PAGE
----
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Forensic science

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For the TV series, see CSI: Crime Scene Investigation.
Forensic science
Physiological sciences
Forensic pathology · Forensic dentistry
Forensic anthropology · Forensic entomology
Social sciences
Forensic psychology · Forensic psychiatry
Other specializations
Fingerprint analysis · Forensic accounting
Ballistics  · Bloodstain pattern analysis  · Forensic arts
DNA analysis · Forensic toxicology
Forensic footwear evidence
Questioned document examination
Cybertechnology in forensics
Information forensics · Computer forensics
Related disciplines
Forensic engineering
Forensic materials engineering
Forensic polymer engineering
Fire investigation
Vehicular accident reconstruction
People in Forensics
Auguste Ambroise Tardieu
Edmond Locard
Bill Bass
Related articles
Crime scene · CSI Effect
Trace evidence · Skid mark
Use of DNA in forensic entomology
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Forensic science (often shortened to forensics) is the application of a broad spectrum of sciences to answer questions of interest to the legal system. This may be in relation to a crime or to a civil action. But besides its relevance to the underlying legal system, more generally forensics encompasses the accepted scholarly or scientific methodology and norms under which the facts regarding an event, or an artifact, or some other physical item (such as a corpse, or cadaver, for example) are to the broader notion of authentication whereby an interest outside of a legal form exists in determining whether an object is in fact what it purports to be, or is alleged as being.

The word “forensic” comes from the Latin adjective “forensis” meaning of or before the forum. During the time of the Romans, a criminal charge meant presenting the case before a group of public individuals in the forum. Both the person accused of the crime and the accuser would give speeches based on their side of the story. The individual with the best argument and delivery would determine the outcome of the case. Basically, the person with the sharpest forensic skills would win. This origin is the source of the two modern usages of the word "forensic" - as a form of legal evidence and as a category of public presentation.

In modern use, the term "forensics" in place of "forensic science" can be considered incorrect as the term "forensic" is effectively a synonym for "legal" or "related to courts". However, the term is now so closely associated with the scientific field that many dictionaries include the meaning that equates the word "forensics" with "forensic science".

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[edit] History of forensic science

The "Eureka" legend of Archimedes (287-212 BC) can be considered an early account of the use of forensic science. In this determined that a crown was not completely made of gold (as it was fraudulently claimed) by determining its density measuring its displacement and weight, as he was not allowed to damage the crown.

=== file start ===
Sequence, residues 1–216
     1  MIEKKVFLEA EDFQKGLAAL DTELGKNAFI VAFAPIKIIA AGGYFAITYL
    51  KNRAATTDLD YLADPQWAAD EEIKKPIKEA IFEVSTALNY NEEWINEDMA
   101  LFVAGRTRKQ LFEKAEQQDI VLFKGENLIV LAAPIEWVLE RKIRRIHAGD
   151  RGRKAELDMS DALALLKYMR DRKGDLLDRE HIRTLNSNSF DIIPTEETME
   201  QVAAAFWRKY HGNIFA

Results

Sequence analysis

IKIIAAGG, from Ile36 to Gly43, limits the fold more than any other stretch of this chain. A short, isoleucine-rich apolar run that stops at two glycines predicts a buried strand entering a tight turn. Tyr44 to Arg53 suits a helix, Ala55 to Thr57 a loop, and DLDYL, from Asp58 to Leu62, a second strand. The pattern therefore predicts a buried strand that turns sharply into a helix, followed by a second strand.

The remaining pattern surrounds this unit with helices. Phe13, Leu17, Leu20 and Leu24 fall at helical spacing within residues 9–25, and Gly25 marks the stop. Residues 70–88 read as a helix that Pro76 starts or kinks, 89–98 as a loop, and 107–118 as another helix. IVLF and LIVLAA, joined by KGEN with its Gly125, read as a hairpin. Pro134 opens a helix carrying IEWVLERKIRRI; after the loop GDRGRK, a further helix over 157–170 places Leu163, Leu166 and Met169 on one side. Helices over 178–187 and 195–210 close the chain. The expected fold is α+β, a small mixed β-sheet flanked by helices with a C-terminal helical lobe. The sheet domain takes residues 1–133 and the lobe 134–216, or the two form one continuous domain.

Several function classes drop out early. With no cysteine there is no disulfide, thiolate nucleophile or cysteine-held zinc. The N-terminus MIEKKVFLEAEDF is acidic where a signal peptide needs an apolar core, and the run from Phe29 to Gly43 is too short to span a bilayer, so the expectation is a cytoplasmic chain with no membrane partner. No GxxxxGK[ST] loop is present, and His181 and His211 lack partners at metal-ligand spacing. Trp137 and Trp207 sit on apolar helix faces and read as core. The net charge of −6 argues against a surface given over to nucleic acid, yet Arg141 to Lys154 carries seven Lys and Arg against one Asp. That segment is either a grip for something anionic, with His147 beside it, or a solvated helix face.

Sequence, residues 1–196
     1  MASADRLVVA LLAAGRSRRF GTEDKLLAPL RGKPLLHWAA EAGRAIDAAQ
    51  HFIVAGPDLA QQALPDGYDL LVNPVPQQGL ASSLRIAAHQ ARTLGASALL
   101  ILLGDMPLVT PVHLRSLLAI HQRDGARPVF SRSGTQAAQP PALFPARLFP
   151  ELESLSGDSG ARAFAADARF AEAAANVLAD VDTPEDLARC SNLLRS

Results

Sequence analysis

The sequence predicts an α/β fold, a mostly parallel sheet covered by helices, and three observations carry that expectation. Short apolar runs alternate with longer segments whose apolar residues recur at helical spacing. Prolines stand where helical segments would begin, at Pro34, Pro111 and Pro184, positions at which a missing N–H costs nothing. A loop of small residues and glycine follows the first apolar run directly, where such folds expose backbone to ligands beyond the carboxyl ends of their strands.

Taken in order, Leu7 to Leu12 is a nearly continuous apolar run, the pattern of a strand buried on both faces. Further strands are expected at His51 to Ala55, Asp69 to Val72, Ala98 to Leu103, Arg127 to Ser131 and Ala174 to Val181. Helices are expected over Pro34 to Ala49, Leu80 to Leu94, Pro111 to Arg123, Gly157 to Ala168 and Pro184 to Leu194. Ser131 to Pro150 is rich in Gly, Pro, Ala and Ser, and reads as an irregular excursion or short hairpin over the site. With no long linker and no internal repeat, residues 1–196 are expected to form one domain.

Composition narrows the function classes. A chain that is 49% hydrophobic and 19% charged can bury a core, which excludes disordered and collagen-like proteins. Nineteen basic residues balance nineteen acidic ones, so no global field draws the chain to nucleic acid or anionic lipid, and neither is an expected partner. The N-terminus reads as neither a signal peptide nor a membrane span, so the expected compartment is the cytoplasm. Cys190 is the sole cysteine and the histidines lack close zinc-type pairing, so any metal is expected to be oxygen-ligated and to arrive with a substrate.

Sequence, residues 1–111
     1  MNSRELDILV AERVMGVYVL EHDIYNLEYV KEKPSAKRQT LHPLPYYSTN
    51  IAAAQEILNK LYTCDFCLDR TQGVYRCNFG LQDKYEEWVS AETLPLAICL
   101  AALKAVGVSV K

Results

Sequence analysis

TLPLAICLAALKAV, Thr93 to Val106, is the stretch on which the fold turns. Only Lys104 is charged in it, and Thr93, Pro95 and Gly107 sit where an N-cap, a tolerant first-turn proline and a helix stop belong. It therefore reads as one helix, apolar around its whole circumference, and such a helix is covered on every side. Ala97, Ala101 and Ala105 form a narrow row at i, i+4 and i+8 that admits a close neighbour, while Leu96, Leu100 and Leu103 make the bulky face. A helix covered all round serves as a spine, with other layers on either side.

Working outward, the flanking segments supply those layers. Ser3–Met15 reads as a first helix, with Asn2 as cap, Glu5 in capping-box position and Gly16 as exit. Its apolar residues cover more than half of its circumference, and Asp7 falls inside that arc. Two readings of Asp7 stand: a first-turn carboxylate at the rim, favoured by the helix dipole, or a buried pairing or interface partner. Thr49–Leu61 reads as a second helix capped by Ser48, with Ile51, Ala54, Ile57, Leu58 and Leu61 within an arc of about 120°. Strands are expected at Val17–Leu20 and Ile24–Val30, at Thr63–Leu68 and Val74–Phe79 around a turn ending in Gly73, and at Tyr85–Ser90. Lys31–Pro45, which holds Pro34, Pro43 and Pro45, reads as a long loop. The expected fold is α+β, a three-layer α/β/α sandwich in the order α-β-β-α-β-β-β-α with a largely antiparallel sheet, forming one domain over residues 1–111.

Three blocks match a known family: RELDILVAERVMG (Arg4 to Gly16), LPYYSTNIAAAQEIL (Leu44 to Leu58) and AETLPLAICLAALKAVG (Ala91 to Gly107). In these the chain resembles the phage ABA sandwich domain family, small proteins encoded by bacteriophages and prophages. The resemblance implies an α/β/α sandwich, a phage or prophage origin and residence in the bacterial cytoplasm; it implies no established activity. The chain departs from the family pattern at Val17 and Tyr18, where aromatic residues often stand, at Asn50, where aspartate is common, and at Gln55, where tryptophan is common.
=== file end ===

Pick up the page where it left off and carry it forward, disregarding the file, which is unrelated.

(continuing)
The earliest account of fingerprint use to establish identity was during the 7th century. According to an Arabic merchant, Soleiman, a debtor's fingerprints were affixed to a bill, which would then be given to the lender. This bill was legally recognized as proof of the validity of the debt.

The first written account of using medicine and entomology to solve (separate) criminal cases is attributed to the book Xi Yuan Ji Lu (????, translated as "Collected Cases of Injustice Rectified"), written in Song Dynasty China by Song Ci (??, 1186-1249) in 1247. In one of the accounts, the case of a person murdered with a sickle was solved by a death investigator who instructed everyone to bring his sickle to one location. Flies, attracted by the smell of blood, eventually gathered on a single sickle. In light of this, the murderer confessed. The book also offered advice on how to distinguish between a drowning (water in the lungs) and strangulation (broken neck cartilage), along with other evidence from examining corpses on determining if a death was caused by murder, suicide, or an accident.[1]

In sixteenth century Europe, medical practitioners in army and university settings began to gather information on cause and manner of death. Ambroise Paré, a French army surgeon, systematically studied the effects of violent death on internal organs. Two Italian surgeons, Fortunato Fidelis and Paolo Zacchia, laid the foundation of modern pathology by studying changes which occurred in the structure of the body as the result of disease. In the late 1700s, writings on these topics began to appear. These included: "A Treatise on Forensic Medicine and Public Health" by the French physician Fodéré, and "The Complete System of Police Medicine" by the German medical expert

In 1775, Swedish chemist Carl Wilhelm Scheele devised a way of detecting arsenous oxide, simple arsenic, in corpses, although only in large quantities. This investigation was expanded, in 1806, by German chemist Valentin Ross, who learned to detect the poison in the walls of a victim's stomach, and by English chemist James Marsh, who used chemical processes to confirm arsenic as the cause of death in an 1836 murder trial.